BSC Members Roster – Past Full Accredited

Category: Past Full Accredited

Role: Technicolor technician

Website: IMDb


11.5.1917 - 5.05.2000


STANLEY W. SAYER, BSC

 

 

1939-45. Short Docs for RAF.

1948. Supervising Cameraman-The Glory of Sport - Technicolor Feature on UK Olympic

Documentaries include Around  The World, Distant Thames-aka-Royal River (In 3D using two Technicolor Three-Strip Cameras), Garden of England.

1960.The Challenge/2nd Unit-My Geisha. 1962.Co-My Kingdom for a Woman.1968.AE RIAL-Mosquito Squadron. 1969.S p.Ph.Fx.-Arthur! Arthur! 1970 - French Loe. Around The World in 80 Days/2nd Unit­ Hell Boats.

From 1977 Travelling Matte consultant.  Credits include: Star Wars, The Empire Strikes Back, Return of the Jedi, Raiders of the Lost Ark, Dune, Return to Oz, Willow, Baron Munchausen, Slipstream, Witches Sabbath, Brazil, Legend, Spies Like Us, Hyper Sapier, Eric The Viking, Sullivan Street, Under the Cheery Moon, Never Ending Story II, No Causefor Alarm, A Kiss Before Dying, Year of the Comet, Tango.

Tribute from Les Ostinelli BSC

In early 1937, Stan and I joined Technicolor, just prior to the Coronation of George VI, the ceremony of which was filmed in 3 strip Technicolor by four cameras. Stan, at the time had one of the special S.S. Sports Cars with the long bonnet and used to give me lifts to Osterley Station.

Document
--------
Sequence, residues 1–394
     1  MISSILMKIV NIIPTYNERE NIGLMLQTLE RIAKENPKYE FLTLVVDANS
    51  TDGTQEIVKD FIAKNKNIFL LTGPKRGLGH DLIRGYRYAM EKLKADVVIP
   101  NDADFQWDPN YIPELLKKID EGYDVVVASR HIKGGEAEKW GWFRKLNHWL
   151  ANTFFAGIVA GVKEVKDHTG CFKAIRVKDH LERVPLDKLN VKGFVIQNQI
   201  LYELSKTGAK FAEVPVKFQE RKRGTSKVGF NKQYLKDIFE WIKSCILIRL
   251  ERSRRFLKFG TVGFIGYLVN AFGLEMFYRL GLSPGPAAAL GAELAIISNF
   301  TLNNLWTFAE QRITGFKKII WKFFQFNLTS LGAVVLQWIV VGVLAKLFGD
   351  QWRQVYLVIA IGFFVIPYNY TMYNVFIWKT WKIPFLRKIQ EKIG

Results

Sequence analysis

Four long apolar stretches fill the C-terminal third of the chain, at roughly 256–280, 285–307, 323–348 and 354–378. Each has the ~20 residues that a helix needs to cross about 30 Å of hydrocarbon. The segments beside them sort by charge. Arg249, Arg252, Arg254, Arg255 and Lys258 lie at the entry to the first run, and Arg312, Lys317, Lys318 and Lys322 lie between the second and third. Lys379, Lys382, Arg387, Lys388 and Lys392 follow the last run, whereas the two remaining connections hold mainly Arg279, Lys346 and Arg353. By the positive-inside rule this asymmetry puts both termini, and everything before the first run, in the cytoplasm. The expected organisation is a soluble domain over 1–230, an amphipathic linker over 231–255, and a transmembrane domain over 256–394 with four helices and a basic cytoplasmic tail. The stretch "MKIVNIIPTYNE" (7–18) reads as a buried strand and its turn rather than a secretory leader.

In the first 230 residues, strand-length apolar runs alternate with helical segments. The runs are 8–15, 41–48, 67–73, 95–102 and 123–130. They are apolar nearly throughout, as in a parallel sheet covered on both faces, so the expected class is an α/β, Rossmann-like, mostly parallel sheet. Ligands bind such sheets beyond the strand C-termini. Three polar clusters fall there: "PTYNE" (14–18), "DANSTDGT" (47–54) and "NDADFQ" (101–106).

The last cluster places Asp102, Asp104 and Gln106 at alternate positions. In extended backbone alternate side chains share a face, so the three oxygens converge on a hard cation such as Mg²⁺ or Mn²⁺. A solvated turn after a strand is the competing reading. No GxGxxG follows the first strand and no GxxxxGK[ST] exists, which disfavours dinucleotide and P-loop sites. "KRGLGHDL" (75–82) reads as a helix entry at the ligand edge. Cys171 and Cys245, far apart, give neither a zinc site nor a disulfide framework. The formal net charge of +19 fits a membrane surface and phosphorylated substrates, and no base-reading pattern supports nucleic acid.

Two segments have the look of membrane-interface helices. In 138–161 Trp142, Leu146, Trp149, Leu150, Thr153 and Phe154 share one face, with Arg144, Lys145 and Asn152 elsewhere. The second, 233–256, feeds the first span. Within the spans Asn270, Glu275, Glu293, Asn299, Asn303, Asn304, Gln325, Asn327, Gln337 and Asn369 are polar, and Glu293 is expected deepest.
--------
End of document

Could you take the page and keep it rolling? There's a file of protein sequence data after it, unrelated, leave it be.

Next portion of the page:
During the war years, he was a member of the RAF Film Unit and I met up with him several times in Cairo, always between assignments, polishing up his Newman-Sinclair camera. (As a member of the Army Film and Photo Unit I didn't need to do this to my all black Devry Camera!) We also met up later at Forte Airfield in Central Italy, where he was based, along with Harry Gillam and Eric Coop.

After the war, Stan returned to Technicolor and to MGM Studios, but we met fairly often, as his daughter Jennifer was in the same form as my son, and Stan and I were on the Parents Association Committee.

During the 1949 Olympic Games held in Britain, Stan was Supervising Cameraman for Technicolor, which used the Bi-Pack Technochrome Process to supplement the limited number of 3 strip cameras available. I returned to Technicolor as Technical Director in 1974 and Stan was, until his retirement, one of my team of Production Executives.

During this time Stan continued to specialise in process photography, and Blue Screen Supervisor was his forte; his claim to fame being on the first Star Wars and many follow on epics. His love of underwater photography and scuba diving, even up to last year, were part of his life. Stan was mechanically gifted and devised many innovative pieces of equipment, including his garden and layout of which he was very proud. His wife, Joy died some ten years ago and he leaves son David and daughter Jennifer and six grandchildren.

Farewell Stan and make sure those 3 strip cameras and the Lazy Eights are well looked after in the studio up there!

Les Ostinelli, BSC